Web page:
The UAE’s Ministry of Labor requires each employee and the employer to sign the Labor of Department Contract and register it with the Ministry of Labor. This contract covers the basic terms and conditions with regard to employment in the UAE and is a requirement to obtain a permit for work and residence.
In addition to this, many employers make workers sign an additional contract that is often more comprehensive and complex. This is where there exists hidden traps and pitfalls, so employees should be very vigilant while signing this contract. It is highly important for an employee to read and understand each and every clause of the employment contract to avoid being mistreated by the employer.
According to UAE labor law, there are two different types of employment contracts; the fixed and unlimited term. Each contract has different conditions with regard to resigning, termination and other related issues.
The limited term contract automatically gets terminated upon the end of the preset time period. Termination for cause is another condition upon which the contract could be cancelled at any time. Termination for cause simply means firing a person upon action(s) that are considered as misconduct by the employer.
The second type of contract i.e. the one signed for unlimited time, could be cancelled any time either by the employer or the employee. However, the terminator needs to give a notice in advance. The notice period, according to the country’s labor law, should be 30 days.
The problem that many workers face in the UAE arises from the condition that gives employers a tool they can easily misuse. The condition for giving a notice period does not apply to the cases of ‘termination for cause’. Many employers take advantage of this clause and often cancel the contract without any prior notice; this obviously creates huge problems for the worker.
The labor law of United Arab Emirates gives certain rights to the employee, in case of termination of contract. However, employees, particularly the foreigners, do not know that they can claim for ‘End of Service Entitlement’ and for ‘Compensation for Arbitrary Dismissal’ if applicable.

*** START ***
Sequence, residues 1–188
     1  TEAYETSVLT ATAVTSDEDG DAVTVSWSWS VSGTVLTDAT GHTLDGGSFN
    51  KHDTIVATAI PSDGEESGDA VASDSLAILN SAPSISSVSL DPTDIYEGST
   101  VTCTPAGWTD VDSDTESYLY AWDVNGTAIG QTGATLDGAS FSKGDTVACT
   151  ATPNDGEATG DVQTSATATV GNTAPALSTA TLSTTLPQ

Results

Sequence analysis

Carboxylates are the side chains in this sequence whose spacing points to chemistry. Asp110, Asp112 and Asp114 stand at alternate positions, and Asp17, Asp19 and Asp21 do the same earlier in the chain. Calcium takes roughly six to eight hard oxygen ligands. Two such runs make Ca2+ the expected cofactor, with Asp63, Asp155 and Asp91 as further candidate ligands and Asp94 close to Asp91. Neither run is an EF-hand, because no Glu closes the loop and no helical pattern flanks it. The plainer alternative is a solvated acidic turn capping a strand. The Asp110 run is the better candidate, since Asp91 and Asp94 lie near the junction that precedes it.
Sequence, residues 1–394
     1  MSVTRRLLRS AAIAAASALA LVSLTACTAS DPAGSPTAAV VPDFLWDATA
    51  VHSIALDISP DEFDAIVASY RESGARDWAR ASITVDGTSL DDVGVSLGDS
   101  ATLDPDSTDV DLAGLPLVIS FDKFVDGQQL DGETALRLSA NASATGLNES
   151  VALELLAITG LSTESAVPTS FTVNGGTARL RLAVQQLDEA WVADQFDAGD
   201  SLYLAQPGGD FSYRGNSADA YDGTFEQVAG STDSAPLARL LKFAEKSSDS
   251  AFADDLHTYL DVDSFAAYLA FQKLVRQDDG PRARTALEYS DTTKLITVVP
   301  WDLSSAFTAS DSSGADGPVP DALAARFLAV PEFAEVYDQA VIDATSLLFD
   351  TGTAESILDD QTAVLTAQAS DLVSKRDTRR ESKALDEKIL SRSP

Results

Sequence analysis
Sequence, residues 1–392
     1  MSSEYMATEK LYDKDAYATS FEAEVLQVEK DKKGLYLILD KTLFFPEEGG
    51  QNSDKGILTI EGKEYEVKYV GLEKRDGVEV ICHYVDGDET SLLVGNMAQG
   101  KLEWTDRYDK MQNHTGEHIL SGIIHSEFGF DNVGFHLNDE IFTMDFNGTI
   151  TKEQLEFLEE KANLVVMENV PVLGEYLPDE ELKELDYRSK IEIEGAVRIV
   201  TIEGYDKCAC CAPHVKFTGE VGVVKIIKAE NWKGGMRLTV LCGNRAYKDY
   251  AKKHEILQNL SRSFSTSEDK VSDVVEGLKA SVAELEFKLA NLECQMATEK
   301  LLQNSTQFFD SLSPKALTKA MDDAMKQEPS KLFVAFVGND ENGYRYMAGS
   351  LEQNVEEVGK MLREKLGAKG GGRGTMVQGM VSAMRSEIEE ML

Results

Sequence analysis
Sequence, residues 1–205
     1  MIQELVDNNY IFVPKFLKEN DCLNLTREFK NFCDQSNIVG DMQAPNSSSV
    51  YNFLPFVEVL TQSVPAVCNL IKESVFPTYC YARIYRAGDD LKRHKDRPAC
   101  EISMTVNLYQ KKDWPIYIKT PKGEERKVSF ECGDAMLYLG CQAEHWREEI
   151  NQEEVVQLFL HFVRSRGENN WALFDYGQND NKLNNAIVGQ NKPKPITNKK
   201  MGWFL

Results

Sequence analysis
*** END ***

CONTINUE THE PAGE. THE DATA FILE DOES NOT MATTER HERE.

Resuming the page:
What is End of Service Entitlement?
The End of Service Entitlement makes a worker eligible for:
Paid notice period or full payment in case when the employer does not want the person to serve the notice period.
Expenses of repatriation (if applicable)
Money for all remaining holidays
What is Compensation for Arbitrary Dismissal?
The labor law in United Arab Emirates contains rules and guidelines for situations when a worker is unfairly dismissed from the job. This is another of the rights that employers in UAE generally are not aware of.
According to the Article 122 of labor law, dismissal of an employee for any reason that is not related to the work will be considered unfair or arbitrary.
If the employee is able to prove that his/ her termination was unfair, he/ she is entitled for a compensation of amount equal to the salary of 3 months, under Article 123 of the law.
Compensation for Arbitrary Dismissal only applies to contracts signed for unlimited time period.
Having knowledge about the basic labor laws that govern the employment system in United Arab Emirates is crucial to sustain in the highly complicated and often unfair corporate world of the country. Every employee should read and understand all the terms and conditions with regard to every aspect and have them in written before the commencement of job. To ensure you clearly understand each and every clause of the employment contract, discuss it with the employer.
It is an established practice in UAE that the sponsor keeps the passport of a foreign employee for the whole duration of the contract. Many foreigners assume it to be a law, but in reality this is just a common practice of employers to ensure that the worker could not leave the work or country without their approval. The UAE’s labor law does not have any such thing.
To avoid being trapped by an employer, it is important that every person considering to work in the UAE should gain at least the basic knowledge about the labor law before signing any document.
Posted On October 31, 2017